Ukraine has been requesting long-range Missile Systems (ATACMS) from the US for some months.
US decision on long-range missiles
A rush of media rumors that surfaced in early September suggested that the Biden Administration may soon approve the long-range missiles. If confirmed, this would be the most recent in a line of sagas about military assistance for Ukraine that have been characterized by protracted delays, vehement debate, and ultimately delivery.
The Heavy Mobility Artillery Rocket System (HIMARS) launcher is used to fire ATACMS long-range missiles. An ATACMS strike would be able to hit almost every target in Russian-occupied Ukraine thanks to its official range of 300 kilometers. The front line is currently less than 100 kilometers from the Sea of Azov, whereas the main naval base of the Russian Black Sea Fleet is located in Russian-occupied Crimea, around 245 kilometers away from Ukraine’s forward lines at this time.
The trajectory of the war has already been significantly impacted by the US’s long-range missiles. The US gave Ukraine Guided Multiple Launch Rocket Systems (GMLRS) rockets in the summer of 2022. GMLRS rockets can also be launched from HIMARS and have a range of about 70 km. Ukraine employed GMLRS missiles to undertake strikes on Russian logistics locations that were previously outside the range of artillery bombardment. As a result, Russia was forced to shift ammo depots and other critical centers beyond the range of GMLRS.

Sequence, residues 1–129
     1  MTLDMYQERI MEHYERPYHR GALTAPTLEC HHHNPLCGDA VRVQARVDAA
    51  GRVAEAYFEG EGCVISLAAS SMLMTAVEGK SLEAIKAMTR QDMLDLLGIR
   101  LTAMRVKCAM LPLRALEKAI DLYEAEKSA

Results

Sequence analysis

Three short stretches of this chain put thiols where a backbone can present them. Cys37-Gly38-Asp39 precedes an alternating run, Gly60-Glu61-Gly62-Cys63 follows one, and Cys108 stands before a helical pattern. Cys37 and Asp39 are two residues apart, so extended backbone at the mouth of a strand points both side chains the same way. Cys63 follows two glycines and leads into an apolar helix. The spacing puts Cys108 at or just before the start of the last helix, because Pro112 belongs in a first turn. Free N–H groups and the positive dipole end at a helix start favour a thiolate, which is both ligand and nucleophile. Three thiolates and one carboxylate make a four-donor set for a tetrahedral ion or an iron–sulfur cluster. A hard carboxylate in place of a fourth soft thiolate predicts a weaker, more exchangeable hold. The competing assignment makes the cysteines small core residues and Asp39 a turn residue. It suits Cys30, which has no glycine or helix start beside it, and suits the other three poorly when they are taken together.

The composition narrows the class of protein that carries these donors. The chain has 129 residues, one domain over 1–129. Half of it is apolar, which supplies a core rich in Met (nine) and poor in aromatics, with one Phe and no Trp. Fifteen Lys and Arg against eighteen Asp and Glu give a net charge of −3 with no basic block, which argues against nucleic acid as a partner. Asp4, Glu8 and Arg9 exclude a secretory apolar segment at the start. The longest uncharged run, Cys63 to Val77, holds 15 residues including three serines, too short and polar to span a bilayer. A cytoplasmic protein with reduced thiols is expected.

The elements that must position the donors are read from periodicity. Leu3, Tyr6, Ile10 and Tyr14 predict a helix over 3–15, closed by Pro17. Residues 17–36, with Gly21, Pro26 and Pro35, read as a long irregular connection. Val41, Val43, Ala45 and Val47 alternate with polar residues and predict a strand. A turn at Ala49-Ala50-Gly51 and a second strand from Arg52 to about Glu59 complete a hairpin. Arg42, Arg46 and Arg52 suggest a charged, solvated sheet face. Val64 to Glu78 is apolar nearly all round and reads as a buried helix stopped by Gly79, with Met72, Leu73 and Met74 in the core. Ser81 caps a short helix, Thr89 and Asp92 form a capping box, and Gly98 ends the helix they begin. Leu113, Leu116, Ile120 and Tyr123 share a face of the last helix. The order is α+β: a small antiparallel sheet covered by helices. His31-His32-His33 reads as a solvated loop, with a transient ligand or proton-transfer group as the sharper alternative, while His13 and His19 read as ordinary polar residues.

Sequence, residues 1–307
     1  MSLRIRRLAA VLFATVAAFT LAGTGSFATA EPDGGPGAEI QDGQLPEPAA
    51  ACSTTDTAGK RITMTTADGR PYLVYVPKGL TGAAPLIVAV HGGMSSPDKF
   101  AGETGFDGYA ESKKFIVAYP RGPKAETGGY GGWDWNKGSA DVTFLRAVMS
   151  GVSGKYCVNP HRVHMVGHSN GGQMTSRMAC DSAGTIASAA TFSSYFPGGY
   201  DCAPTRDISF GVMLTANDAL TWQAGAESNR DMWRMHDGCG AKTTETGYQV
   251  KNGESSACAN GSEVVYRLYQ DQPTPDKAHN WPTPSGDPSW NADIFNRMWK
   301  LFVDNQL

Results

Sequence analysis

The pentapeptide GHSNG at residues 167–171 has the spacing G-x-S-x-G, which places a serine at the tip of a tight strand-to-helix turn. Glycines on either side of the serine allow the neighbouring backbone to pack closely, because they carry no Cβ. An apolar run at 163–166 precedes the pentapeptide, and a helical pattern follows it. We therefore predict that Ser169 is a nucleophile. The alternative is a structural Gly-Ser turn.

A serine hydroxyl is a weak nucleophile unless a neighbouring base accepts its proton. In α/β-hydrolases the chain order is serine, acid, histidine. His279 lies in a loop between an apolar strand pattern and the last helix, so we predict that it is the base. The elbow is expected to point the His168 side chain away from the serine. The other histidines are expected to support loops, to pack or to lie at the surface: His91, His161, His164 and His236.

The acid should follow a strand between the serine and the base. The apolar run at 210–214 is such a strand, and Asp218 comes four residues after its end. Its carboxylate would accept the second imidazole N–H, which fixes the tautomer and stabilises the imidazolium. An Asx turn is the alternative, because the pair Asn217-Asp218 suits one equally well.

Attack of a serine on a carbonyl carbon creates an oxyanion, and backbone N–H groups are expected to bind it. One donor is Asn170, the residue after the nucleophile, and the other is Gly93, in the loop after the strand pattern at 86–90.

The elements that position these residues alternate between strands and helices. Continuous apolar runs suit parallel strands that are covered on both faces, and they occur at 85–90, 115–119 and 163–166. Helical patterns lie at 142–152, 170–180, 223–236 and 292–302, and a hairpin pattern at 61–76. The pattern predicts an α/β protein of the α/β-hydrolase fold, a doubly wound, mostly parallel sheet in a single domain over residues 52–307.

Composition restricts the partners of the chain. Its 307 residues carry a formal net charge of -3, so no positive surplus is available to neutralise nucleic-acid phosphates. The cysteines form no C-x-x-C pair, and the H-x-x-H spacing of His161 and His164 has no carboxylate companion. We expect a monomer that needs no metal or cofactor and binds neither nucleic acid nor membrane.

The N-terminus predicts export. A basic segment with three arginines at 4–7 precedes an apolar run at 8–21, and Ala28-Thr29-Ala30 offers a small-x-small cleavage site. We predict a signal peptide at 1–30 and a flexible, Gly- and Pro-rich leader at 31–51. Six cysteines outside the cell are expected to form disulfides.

Long-range missiles for Ukraine
According to CNN’s sources, US President Joe Biden will decide “soon” whether to launch long-range missiles to Ukraine. Since Russia’s full-scale invasion began, Ukraine has asked for the weapons, but the United States has been reluctant to provide them since doing so may be seen as a military threat to Russian territory.
The long-range missiles an Army Tactical Missile System or ATACMS, have been a topic of considerable discussion in recent weeks, according to CNN. The likelihood of it happening today, though, is far higher than it was previously, according to a government official who was privy to the negotiations. Far greater. I simply do not know when.
Sen. James Risch, a Republican, said in July, in reference to the weapon system, “I’m tired of hearing about escalation.” CNN also cited his words.